VARNAs origins go back almost five millennia,
but it wasnt until seafaring Greeks founded a colony here in 585 BC that the
town became a port. The modern city is both a shipyard and port for commercial
freighters and the navy, and a riviera town visited by tourists of every nationality.
Its a cosmopolitan place and a nice one to stroll through: Baroque, turn-of-the-century
and contemporary architecture pleasantly blended with shady promenades and a handsome
Social life revolves around the ploshtad Nezavisimost, where the opera
house and theatre provide a backdrop for an ensemble of restaurants and cafes.
The square is the starting point of Varnas evening promenade, which flows eastward
from here along bul Knyaz Boris I towards bul Slivnitsa and the seaside gardens.
Beyond the opera house, Varnas main lateral boulevard cuts through pl Mitropolit
Simeon to the domed Cathedral of the Assumption. Constructed in 1886 along
the lines of St Petersburgs cathedral, it contains a splendid iconostasis and
carved bishops throne, and murals painted after the last war.
Exhibits in the Archeology Museum on the corner of Mariya Luiza and
Slivnitsa (TuesSat 10am5pm; $1) fill forty halls, three of them devoted to
skeletons and artefacts from a necropolis where a hoard of 4500-year-old gold
objects was discovered in 1972. Other halls display Greek and Roman antiquities,
medieval weaponry and ecclesiastical art, while upstairs theres an excellent
South of the centre, on ul Han Krum, youll stumble upon the impressive second-century
Roman baths complex (TuesSat 10am5pm; $2). Ten minutes west of here
on ul Panagyurishte, the Ethnographic Museum (TuesSat 10am5pm; $1.50),
which occupies an old house, contains a fine display of costumes and jewellery,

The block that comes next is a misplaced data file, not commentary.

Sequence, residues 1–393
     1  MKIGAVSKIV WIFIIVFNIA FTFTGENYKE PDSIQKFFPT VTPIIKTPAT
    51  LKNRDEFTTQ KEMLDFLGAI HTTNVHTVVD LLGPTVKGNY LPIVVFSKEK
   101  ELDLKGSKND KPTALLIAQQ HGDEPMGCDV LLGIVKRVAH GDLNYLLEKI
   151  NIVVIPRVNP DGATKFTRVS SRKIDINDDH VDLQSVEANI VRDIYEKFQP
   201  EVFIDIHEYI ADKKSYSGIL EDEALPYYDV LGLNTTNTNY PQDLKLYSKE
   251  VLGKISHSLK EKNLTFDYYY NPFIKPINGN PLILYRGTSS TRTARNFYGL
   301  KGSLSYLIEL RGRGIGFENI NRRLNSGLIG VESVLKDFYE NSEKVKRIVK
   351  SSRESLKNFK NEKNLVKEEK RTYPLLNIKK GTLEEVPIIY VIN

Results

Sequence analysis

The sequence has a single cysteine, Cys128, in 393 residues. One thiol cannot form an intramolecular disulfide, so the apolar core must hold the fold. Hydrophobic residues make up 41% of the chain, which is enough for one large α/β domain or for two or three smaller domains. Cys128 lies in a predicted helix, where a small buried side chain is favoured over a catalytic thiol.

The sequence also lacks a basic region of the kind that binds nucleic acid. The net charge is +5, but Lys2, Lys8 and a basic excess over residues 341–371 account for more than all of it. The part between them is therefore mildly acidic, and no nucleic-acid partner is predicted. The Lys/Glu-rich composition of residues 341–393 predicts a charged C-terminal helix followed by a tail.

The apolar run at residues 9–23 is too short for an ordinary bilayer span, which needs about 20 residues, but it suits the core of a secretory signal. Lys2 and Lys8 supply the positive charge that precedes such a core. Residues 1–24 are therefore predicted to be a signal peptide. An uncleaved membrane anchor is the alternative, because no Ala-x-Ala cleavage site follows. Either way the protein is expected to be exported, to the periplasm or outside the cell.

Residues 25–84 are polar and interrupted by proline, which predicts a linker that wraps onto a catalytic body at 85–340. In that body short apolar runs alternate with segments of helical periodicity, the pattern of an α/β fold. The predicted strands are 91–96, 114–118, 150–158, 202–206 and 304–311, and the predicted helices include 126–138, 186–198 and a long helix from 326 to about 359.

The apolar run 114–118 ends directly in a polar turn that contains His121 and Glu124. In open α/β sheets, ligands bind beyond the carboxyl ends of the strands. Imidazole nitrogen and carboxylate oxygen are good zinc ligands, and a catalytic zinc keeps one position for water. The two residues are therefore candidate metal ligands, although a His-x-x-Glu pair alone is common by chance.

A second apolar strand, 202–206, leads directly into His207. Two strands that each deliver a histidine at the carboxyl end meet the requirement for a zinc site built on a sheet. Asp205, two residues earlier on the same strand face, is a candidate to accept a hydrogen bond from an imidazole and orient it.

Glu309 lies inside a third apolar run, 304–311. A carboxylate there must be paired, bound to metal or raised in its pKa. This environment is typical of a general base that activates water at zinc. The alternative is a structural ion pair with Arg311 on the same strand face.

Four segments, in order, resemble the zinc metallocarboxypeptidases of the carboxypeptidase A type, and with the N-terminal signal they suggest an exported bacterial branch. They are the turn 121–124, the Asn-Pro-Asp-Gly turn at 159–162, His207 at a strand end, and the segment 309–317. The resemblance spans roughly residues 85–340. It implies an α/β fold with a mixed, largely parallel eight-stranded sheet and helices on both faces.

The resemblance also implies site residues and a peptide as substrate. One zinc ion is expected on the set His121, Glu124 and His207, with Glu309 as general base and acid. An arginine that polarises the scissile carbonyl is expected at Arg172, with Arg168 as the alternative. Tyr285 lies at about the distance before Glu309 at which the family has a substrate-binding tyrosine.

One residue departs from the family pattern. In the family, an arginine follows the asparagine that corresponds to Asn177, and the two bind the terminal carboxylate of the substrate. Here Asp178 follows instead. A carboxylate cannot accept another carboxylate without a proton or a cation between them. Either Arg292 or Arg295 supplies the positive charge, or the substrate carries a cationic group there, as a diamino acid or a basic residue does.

and a variety of ritual loaves among them the foot-shaped Proshtupalnik,
which was baked to celebrate a childs first steps.
The boat responsible for the Navys only victory the Drazhki (Intrepid)
is honourably embedded on the waterfront outside the Navy Museum (daily
9amnoon & 1.305pm; $2); it sank the Turkish cruiser Hamidie off
Cape Kaliakra in 1912. The museum traces sea power and commerce on the Black
Sea and the lower Danube back to its earliest days.
Most of Varnas eating and drinking venues are to be found along bul
Knyaz Boris I and bul Slivnitsa the latter a seemingly unbroken strip of touristy
cafes, bars and restaurants, although venues change from one season to the next.
For the best food and service, stick to the backstreets: Staviko, round
the corner from the Roman baths at ul osmi Noemvri 11, has good quality Bulgarian
standards; Paraklisa, near the Navy Museum on bul Primorski, offers the
most imaginative spin on traditional Balkan dishes; and Titanic, in the
grid of streets north of Knyaz Boris I at Ivan Vazov 39, is an elegant cafe-bar
with intimate restaurant upstairs. The municipal beach, reached by pathways
descending from the seaside gardens, is lined with open-air bars and discos
although few of these have regular names. For Internet access, try Doom
Internet Cafe, at ul 27 July 13.